I must say that, straight away, Jansky caught the attention of Sónar Barcelona: one of the leading festivals when it comes to experimentation. So, in 2013, when we had just released our debut album, we got this opportunity to introduce ourselves to the world. The experience was unbelievable, because the only references we knew from home were performing on the same stage at that edition (the duos Pascal Comelade/Enric Casasses and Bradien/Eduard Escoffet, with whom we shared the concept of ‘musician + poet + electronic experimentation’). Looking at the line-up seven years later, it’s funny to see that the names we accompanied have walked a similar path: Za!, BeGun or Alizz, Tiger Menja Zebra and Coàgul. We’ve also bumped into Olaffur Arnalds in the UK.
Since 2014, we have been organising little tours once or twice a year, which allows us to keep up with a culture that keeps music at the heart of its life in a totally natural way. The ‘poetronica’ label was already working, with groups reminiscent of Hidrogenesse, for example. While we had no representative in the Catalan Countries, over in London, a local booking company included us on its roster, deeming us ‘special’. This adjective usually raises an eyebrow among programmers here, whereas they go crazy for it over there. We never know what kind of groups we’ll meet on the stage, and that’s wonderful.
Although the big ‘indie’ tag continues to dominate, it doesn’t feel like we’re being dragged along, like it does in the Catalan Countries when a musical trend comes into fashion. Now, our go-to venues are Iklectik, Cargo and the Camden Assembly, in London, and The Old Abbey Taphouse and The Deaf Institute, in Manchester. The audience never get their phones out during the concert; instead, they listen, dance and, when it’s over, they take an interest in the groups’ creative processes and the literary content of the songs. These places value the combination of folklore and roots with a fun or daring attitude. They bear similarities with initiatives like Konvent, which hosts multi-disciplinary proposals, or Ameba, the Barcelona Association of Electronica Musicians.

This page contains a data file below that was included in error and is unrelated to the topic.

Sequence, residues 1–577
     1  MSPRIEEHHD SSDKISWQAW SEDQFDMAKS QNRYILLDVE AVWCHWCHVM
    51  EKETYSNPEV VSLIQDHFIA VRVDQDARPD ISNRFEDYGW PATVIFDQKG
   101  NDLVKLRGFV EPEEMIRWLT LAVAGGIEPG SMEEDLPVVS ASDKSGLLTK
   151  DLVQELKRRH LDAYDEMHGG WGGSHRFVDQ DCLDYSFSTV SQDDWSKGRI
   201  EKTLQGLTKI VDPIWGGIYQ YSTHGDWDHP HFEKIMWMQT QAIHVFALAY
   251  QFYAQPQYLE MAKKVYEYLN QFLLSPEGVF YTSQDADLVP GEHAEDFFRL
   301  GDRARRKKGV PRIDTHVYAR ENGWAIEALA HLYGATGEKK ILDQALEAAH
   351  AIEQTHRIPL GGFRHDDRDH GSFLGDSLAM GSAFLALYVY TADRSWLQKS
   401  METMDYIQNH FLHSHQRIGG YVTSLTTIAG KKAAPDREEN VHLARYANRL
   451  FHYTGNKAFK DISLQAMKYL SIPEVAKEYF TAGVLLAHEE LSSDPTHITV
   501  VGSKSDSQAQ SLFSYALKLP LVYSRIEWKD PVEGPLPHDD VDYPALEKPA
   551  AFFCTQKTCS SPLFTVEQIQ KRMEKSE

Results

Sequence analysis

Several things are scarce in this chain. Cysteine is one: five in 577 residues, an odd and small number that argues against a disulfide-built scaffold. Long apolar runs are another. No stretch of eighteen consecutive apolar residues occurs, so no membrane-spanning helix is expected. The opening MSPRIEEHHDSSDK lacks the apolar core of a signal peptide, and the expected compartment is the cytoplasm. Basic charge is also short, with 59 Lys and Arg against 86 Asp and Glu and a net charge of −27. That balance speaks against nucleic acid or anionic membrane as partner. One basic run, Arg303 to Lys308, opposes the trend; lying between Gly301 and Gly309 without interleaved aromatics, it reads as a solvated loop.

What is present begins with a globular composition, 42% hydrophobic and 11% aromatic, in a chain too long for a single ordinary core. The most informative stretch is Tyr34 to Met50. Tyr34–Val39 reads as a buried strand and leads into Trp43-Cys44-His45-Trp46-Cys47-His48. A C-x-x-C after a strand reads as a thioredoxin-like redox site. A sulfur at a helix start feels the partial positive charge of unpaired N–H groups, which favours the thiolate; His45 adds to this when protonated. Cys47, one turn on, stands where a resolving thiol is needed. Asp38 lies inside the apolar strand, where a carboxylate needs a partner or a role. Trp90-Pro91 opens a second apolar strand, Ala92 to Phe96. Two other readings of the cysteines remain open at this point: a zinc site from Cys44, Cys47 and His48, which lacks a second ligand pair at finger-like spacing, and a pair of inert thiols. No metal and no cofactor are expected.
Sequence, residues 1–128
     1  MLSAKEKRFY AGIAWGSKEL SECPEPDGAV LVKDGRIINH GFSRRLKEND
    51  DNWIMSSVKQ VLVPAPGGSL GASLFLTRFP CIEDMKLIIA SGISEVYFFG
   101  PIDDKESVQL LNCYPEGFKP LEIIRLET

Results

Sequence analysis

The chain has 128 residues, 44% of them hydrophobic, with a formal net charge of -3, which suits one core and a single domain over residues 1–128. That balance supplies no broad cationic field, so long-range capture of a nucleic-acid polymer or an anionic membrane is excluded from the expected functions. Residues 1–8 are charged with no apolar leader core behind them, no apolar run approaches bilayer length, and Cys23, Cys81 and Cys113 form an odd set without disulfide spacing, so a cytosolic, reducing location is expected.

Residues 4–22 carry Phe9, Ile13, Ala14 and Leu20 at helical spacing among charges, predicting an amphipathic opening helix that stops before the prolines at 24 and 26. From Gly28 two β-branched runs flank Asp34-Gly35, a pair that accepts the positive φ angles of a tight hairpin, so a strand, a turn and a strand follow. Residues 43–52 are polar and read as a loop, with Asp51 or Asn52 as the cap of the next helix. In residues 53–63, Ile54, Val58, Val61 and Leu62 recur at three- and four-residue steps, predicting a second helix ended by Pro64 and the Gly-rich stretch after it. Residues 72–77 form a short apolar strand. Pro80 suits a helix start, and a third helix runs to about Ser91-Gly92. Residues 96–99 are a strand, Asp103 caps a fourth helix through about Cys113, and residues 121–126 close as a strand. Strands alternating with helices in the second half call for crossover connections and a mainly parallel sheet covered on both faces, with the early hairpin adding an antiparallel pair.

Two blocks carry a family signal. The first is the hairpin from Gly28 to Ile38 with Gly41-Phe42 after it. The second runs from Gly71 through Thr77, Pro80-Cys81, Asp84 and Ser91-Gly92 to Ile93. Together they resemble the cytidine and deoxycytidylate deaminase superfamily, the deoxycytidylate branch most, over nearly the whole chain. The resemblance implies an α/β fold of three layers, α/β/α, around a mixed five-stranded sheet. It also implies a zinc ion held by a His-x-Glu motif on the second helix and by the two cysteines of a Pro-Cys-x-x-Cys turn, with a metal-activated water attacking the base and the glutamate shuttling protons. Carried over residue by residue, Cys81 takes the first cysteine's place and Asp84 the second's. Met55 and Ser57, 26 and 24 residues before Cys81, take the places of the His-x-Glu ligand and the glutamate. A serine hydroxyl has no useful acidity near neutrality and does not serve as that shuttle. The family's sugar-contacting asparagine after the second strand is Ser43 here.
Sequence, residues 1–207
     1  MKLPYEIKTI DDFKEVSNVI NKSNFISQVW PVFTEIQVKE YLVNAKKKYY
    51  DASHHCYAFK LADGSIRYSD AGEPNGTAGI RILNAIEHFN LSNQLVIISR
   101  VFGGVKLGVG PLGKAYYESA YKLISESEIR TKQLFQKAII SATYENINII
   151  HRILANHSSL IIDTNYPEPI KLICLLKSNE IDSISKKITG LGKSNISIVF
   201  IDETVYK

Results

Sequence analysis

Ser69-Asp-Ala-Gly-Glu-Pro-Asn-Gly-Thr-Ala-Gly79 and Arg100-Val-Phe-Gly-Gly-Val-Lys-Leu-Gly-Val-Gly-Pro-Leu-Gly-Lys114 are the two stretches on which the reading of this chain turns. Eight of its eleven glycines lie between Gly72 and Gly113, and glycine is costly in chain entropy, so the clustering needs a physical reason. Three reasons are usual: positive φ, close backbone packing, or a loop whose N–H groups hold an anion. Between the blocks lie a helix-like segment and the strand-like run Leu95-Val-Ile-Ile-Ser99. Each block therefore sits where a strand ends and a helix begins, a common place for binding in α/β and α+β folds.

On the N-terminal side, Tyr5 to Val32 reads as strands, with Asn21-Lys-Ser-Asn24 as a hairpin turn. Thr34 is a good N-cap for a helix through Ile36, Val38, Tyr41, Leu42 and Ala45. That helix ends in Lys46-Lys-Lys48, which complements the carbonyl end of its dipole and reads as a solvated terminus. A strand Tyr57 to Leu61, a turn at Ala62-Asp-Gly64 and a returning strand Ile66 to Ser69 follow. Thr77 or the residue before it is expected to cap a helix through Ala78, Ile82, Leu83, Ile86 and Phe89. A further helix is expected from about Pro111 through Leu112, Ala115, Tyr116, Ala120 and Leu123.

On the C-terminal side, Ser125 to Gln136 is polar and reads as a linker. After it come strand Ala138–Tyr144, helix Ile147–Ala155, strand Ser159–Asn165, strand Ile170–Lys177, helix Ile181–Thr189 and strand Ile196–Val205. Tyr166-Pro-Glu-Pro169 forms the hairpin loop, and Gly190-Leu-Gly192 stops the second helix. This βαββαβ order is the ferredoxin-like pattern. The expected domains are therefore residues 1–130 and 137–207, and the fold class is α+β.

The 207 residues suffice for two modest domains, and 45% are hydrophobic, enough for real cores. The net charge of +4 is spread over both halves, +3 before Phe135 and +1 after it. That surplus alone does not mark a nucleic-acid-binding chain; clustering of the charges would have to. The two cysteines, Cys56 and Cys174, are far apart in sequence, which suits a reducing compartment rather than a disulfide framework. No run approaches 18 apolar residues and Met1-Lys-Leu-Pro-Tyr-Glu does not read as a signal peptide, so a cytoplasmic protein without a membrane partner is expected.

Creation on the margins of big festivals and venues has given rise to very specific projects with unusual features. At the 2019 Edinburgh Fringe Festival, we shared a microresidence at some studios in Leith (the troubled neighbourhood from Trainspotting) with young artists Yoko Pwno, who combine electronica, traditional instruments (violin and flutes) and poetry, mainly in Scotish.
The same year, we published our third disc, this time with a different record label. Now, we are with Hidden Track Records: a collaborative label thought up by Louise Sansom with a horizontal structure and eclectic collection of projects that offer diversity, in all senses of the word. Louise provides the lead vocals for Anímic, the group she shares with her partner Ferran Palau, which is right up our street: energetic and poetic. Back at home, more things have emerged from these peripheries, all with a playful spirit: the latest album by Joana Gomila and Laia Vallès, in which electronica plays a central role; the wonderful, outlandish work by Tarta Relena; or the Spotify fanzine, Poetry Spam, in which electronica producers collaborate with young Catalan poets, working from our concept of the electroverse.